Thursday, 7 June 2018

Kanye West "Ye" (2018)

Amidst a wave of controversy, some would suspect he is intentionally mustering, Kanye West releases his eighth "album", a twenty three minute project set to be the first of a string of records to come from the artist and his collaborators this year. Opening with statements, "the most beautiful thoughts are always beside the darkest" and "today I seriously thought about killing you" they will no doubt be spun as controversial by some but within the space of art these statements can bare whatever meaning you think they have, or want them too. One lyric, "Just say it out loud just to see how it feels", is rather revealing of Kanye's current state of mind given "four hundred years of slavery is a choice" idiocy.

The themes of introspection and reaction that courses through the lyrics have a dubious relation to one another. Kanye is no philosopher and many of his statements fall flat. On the other side when he is vocalizing his emotions, it comes of endearing with a weight of honesty, baring open the pains of strained relationships, his ego and status in the limelight. This duality is reflected in the beats, his use of vocals as instruments is ever present yet the songs fall into two phases, that of muted abrasion and aggression in its opening songs, the music then wains into soulful, soothing tunes reminiscent of his roots.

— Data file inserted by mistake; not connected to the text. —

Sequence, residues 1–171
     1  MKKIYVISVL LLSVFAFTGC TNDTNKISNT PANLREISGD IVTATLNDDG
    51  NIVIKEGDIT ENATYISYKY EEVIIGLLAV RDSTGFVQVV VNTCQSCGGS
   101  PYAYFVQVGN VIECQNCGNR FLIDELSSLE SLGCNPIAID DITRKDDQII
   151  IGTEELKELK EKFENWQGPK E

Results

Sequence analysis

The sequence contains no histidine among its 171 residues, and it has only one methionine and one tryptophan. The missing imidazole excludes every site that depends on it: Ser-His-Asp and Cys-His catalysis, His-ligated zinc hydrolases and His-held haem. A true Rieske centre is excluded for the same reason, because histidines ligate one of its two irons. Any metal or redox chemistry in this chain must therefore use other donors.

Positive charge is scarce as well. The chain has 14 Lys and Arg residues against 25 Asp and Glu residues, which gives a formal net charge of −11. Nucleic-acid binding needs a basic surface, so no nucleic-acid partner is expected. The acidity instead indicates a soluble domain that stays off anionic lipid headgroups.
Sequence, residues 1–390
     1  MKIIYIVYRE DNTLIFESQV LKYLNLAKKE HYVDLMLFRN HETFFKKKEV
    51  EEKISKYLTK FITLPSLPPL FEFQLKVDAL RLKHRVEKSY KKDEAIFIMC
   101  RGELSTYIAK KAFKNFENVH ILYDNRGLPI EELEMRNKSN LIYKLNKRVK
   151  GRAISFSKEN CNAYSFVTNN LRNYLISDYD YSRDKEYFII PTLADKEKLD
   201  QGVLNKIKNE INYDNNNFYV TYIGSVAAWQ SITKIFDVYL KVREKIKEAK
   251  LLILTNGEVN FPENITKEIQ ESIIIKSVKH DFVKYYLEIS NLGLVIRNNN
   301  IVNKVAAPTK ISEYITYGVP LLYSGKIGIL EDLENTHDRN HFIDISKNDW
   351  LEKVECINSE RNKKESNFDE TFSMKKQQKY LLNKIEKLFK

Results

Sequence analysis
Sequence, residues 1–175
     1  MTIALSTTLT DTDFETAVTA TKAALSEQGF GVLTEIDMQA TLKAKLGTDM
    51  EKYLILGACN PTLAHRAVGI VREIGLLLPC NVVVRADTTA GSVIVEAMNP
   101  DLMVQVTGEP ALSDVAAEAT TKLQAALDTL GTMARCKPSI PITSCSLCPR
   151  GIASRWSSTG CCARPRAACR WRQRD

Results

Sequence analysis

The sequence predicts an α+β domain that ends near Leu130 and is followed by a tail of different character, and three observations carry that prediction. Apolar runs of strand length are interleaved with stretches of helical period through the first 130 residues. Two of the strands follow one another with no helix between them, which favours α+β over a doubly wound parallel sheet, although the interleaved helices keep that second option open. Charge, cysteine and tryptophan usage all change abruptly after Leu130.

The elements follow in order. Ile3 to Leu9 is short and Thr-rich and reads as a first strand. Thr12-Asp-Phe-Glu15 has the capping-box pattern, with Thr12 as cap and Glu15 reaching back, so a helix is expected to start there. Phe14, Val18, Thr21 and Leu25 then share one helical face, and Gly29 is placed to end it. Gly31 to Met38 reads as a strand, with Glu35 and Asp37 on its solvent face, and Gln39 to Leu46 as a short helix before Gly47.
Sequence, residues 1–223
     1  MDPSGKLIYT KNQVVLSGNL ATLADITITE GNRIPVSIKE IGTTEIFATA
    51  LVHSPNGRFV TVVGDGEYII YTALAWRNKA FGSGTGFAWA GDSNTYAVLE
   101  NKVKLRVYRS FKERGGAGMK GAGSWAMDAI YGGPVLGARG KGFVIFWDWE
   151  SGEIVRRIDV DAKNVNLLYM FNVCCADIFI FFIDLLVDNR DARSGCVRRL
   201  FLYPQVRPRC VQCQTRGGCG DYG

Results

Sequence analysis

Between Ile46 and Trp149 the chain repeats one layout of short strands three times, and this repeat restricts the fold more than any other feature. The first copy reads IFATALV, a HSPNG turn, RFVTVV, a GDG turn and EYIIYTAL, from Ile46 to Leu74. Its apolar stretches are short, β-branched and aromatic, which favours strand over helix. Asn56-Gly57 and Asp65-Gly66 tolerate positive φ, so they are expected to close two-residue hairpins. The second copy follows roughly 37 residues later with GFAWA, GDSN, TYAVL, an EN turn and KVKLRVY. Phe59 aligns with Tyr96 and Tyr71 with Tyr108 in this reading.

Kanye is known for pushing boundaries and building new sounds but in this instance its another misfire, not quite the same likes of Pablo though. His human side shines through the stormy clouds of controversy, allowing for a genuine musical connection in an among some developing ideas that feel unfinished but at least onto something. Great albums have a feeling bigger than the whole. Ye doesn't, it feels like a slice of time with clear correlations to life as a public figure. Very much a "here and now" record which has its moments for empathy and a slew of unscrutinized thoughts too, including the album covers, a rather hollow statement.

Favorite Tracks: Wouldn't Leave, No Mistakes, Ghost Town
Rating: 6/10